A passing mention of Eastern Market in an excellent blog I follow brought back these memories. Noelle Lothamer, whose blog is called Simmer Down!, wrote that she found some black walnuts at Eastern Market and used them in a tart, the recipe for which you will find below. Noelle writes well and thoughtfully about all kinds of food. A former bookseller, she has spent time in France and often returns there, as it were, in her recipes; in many other recipes she’s an unabashed celebrant of her region’s local foods. In that latter spirit she also has started, with partner Molly O’Meara, a small-batch condiments and preserves company called Beau Bien Fine Foods. It so happens that my favorite such company anywhere, American Spoon Foods, also started in Michigan and its cofounder, Justin Rashid, grew up in a family of Detroit grocers and was educated from a young age in sourcing and pricing at Eastern Market. Here’s hoping that Noelle and Molly, a next generation of Eastern Market buyers, find success in that business, too.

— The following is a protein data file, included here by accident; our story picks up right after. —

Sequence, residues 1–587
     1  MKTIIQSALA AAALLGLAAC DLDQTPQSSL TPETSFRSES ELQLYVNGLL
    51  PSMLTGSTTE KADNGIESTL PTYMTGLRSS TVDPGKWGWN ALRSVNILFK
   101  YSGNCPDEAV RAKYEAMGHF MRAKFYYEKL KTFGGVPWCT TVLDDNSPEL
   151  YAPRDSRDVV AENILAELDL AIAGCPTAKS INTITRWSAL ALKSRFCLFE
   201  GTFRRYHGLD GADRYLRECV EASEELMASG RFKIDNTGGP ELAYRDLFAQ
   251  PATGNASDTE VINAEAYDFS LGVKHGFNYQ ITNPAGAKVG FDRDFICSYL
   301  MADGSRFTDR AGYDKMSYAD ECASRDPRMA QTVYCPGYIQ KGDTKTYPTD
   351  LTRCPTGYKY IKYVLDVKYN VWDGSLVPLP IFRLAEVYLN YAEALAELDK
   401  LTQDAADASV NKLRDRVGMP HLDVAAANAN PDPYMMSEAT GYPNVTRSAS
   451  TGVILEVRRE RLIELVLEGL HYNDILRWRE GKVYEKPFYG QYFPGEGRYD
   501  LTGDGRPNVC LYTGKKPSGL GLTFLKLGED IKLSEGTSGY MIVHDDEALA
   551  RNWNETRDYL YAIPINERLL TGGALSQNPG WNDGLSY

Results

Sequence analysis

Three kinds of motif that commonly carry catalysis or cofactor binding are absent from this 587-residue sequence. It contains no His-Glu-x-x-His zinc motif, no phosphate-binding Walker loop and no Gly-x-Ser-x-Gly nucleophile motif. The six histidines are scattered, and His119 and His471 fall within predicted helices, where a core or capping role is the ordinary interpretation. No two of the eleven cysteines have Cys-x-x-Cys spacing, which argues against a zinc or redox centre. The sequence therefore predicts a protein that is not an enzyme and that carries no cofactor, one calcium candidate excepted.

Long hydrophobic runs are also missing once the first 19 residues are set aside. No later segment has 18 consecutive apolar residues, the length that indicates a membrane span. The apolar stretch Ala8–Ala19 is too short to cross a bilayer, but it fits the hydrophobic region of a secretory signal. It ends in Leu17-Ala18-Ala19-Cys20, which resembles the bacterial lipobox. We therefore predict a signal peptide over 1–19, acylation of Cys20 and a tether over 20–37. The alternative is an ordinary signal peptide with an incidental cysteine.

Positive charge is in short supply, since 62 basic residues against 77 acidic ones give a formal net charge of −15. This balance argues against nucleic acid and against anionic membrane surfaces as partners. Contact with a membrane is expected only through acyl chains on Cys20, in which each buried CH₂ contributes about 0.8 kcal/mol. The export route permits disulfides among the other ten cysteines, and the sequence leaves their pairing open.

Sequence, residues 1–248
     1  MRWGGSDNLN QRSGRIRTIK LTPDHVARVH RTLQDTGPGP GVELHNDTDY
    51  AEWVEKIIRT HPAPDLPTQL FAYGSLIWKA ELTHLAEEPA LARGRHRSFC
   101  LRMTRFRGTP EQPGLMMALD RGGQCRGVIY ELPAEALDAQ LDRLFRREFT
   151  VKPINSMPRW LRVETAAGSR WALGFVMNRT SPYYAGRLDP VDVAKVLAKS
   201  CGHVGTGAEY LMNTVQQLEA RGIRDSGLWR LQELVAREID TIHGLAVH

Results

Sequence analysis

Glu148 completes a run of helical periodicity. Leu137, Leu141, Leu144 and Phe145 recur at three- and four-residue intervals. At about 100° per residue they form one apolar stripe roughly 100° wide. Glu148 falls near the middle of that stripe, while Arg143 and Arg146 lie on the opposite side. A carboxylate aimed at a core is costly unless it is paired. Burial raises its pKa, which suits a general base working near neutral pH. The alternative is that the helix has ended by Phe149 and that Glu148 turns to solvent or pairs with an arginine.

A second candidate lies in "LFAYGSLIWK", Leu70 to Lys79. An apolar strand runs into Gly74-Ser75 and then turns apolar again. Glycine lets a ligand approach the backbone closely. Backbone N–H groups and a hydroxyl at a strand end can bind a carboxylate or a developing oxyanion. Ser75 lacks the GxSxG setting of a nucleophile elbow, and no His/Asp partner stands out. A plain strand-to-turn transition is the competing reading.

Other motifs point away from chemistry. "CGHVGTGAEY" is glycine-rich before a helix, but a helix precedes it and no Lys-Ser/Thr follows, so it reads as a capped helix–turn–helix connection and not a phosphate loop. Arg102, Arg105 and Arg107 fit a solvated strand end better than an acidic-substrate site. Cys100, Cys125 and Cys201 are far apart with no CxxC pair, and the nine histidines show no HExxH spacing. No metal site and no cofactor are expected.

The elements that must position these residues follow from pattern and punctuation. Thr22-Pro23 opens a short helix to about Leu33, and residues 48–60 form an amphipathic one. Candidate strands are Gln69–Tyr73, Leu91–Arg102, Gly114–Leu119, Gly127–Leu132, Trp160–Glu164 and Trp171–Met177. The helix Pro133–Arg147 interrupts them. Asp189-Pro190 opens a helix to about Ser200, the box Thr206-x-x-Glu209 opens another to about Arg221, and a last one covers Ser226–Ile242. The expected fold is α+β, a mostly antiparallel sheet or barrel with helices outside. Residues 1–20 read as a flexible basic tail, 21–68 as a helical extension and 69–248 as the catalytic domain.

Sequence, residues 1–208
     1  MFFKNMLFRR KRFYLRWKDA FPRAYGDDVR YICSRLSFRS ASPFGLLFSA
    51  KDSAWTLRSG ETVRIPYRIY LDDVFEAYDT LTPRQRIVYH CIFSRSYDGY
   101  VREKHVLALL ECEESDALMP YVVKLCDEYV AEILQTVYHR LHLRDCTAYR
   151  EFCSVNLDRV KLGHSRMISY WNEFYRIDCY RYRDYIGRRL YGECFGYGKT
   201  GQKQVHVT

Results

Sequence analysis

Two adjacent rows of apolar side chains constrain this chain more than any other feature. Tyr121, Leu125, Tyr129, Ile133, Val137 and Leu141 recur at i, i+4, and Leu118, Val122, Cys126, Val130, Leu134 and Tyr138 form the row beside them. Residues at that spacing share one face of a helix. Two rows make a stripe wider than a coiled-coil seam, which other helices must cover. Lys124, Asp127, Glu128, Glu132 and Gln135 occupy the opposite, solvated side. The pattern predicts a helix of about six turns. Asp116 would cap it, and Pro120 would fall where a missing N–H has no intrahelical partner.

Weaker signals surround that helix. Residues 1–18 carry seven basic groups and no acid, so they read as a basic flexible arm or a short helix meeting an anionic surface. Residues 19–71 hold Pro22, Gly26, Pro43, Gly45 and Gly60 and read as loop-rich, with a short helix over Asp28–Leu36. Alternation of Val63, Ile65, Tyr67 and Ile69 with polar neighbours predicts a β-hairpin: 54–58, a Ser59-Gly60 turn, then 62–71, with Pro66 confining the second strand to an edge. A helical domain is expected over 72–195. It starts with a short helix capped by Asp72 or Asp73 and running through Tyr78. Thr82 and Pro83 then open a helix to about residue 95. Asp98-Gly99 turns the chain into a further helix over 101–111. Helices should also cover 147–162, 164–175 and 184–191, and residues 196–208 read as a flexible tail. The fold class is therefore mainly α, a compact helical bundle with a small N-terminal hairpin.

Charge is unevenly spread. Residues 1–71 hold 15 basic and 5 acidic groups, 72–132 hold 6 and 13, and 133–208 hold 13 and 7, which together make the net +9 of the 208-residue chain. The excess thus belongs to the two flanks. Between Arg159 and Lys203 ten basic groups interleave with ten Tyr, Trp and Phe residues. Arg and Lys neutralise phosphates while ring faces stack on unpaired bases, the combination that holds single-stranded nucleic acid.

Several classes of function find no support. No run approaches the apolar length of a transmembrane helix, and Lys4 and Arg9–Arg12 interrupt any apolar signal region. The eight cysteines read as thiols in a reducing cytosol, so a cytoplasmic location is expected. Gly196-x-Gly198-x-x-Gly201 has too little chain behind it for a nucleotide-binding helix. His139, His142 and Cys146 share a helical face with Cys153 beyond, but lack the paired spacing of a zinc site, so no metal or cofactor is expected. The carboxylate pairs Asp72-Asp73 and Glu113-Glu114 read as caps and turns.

Noelle’s original post from this past January about her Black Walnut, Maple, and Calvados Tart is here. Here is the crunchy, dark, intense, and enticing recipe.
Black Walnut, Maple, and Calvados Tart
I didn’t get to do a ton of baking during the holidays, but the urge still lingered. So a couple of weekends ago when we were invited to a friend’s home, I decided that baking a tart was in order. I had just been to Eastern Market that morning, where I’d come across local black walnuts, already shelled, for $4 per half-pound bag. At the next table they were selling them whole, but knowing how difficult they are to shell, I decided $4 was a small price to pay for unstained hands and time saved (not to mention the fact that if I wanted to shell my own, I could forage them for free). I wanted to showcase the walnuts in a tart, so I did a riff on pecan pie, with maple syrup and golden syrup subbed in for corn syrup, and a healthy slug of Calvados for extra oomph. To accentuate the Calvados, I made a Calvados-spiked whipped cream to top the tart; a dash of cinnamon on top of that would not be amiss.